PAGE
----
3. Product Level Value Proposition: “Why should the identified prospect buy this specific product rather than any other product?”
  4. Process Level Value Proposition: Why should the specific prospect for the specific product take a specific action?” For example. open an e-mail, click an ad, register for your webinar, and click the ‘buy’ button.
The Value Needs to Outweigh the Cost

The Value Needs to Outweigh the Cost

For each value proposition, the prospect has the choice to do it or not do it and they consciously or subconsciously make that decision by measuring the cost of doing something against the value received for doing it.

For an e-mail subject line (and also for the subsequent clickthrough) the same is true.

Let’s look at the subject lines we saw above.

The cost versus value for “Quarterbacks aren’t the only changes being tested in Denver” was obviously very low.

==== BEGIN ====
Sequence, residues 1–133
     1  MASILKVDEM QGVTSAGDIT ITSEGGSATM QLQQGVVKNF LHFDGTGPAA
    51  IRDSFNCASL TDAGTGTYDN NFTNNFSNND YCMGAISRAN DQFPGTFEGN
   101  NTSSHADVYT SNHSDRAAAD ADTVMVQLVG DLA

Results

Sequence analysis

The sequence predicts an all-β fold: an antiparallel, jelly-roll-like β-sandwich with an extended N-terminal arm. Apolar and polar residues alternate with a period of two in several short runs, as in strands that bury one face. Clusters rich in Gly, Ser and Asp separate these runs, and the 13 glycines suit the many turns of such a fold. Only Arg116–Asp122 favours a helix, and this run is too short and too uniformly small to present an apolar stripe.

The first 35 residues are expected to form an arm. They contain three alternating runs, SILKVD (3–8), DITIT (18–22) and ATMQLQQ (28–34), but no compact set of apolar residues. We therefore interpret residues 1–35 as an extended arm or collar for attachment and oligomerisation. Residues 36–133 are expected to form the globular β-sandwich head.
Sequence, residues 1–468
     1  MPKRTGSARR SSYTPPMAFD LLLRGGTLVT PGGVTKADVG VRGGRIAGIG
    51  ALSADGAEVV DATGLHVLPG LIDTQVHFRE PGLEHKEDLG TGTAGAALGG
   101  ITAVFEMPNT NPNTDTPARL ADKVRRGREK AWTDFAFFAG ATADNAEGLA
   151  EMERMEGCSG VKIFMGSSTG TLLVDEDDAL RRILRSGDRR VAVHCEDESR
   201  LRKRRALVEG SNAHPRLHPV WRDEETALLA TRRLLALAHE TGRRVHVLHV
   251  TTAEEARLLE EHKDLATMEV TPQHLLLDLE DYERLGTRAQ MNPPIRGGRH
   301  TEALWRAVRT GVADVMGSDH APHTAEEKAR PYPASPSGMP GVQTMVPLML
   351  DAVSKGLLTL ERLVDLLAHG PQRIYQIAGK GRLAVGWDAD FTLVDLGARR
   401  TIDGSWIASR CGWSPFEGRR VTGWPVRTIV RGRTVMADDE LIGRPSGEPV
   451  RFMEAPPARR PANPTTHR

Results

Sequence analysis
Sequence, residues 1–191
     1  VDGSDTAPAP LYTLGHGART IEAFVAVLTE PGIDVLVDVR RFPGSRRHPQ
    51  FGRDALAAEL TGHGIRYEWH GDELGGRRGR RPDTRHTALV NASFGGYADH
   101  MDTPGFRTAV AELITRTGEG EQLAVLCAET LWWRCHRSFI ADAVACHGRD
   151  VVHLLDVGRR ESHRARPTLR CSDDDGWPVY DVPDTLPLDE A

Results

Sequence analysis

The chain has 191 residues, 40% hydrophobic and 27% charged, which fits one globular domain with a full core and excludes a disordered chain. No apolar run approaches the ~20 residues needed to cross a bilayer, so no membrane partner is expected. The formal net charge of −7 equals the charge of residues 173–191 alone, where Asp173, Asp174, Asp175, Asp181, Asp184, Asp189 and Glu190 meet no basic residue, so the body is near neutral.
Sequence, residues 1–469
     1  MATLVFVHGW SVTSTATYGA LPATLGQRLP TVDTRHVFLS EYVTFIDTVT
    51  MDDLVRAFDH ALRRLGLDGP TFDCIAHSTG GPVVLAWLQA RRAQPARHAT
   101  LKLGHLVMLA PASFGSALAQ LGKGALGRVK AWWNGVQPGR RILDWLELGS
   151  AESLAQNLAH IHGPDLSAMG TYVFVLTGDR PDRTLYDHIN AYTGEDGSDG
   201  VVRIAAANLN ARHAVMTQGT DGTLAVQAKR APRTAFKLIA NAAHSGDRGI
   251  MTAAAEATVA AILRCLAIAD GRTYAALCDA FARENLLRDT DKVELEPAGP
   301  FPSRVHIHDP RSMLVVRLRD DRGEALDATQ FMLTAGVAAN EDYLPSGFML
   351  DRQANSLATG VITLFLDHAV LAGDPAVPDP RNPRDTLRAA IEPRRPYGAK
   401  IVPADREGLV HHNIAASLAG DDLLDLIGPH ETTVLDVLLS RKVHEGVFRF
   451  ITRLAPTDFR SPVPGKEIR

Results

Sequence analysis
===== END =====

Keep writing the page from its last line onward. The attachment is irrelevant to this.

While “A scientific way to increase your conversions” appeared to have more value to more people it didn’t have as much value as “Do your landing pages pass this test?” – as you can see above, just changing the subject line resulting in more than doubling the clickthrough rate!

We’ll go into why that might be and how “value” is defined later but the point here is that you have to understand the value proposition and how to communicate it effectively to the right audience.

Principle 3: Using Data-backed Criteria to Maximize the Value Proposition

The bottom line is you want to do as good a job as possible communicating the value proposition so you consistently write great subject lines that drastically improve your open and clickthrough rates (like those 100+% improvements we saw above).

There has been serious research done on this with tens of thousands of subject lines tested and the data from these results can be used as strong guidance to writing your own subject lines.

In my next blog post, we’ll look at some of the key findings and come up with a sort of checklist to use when writing subject lines.

Did you know which was the most effective subject line? Tell me below what you picked and why.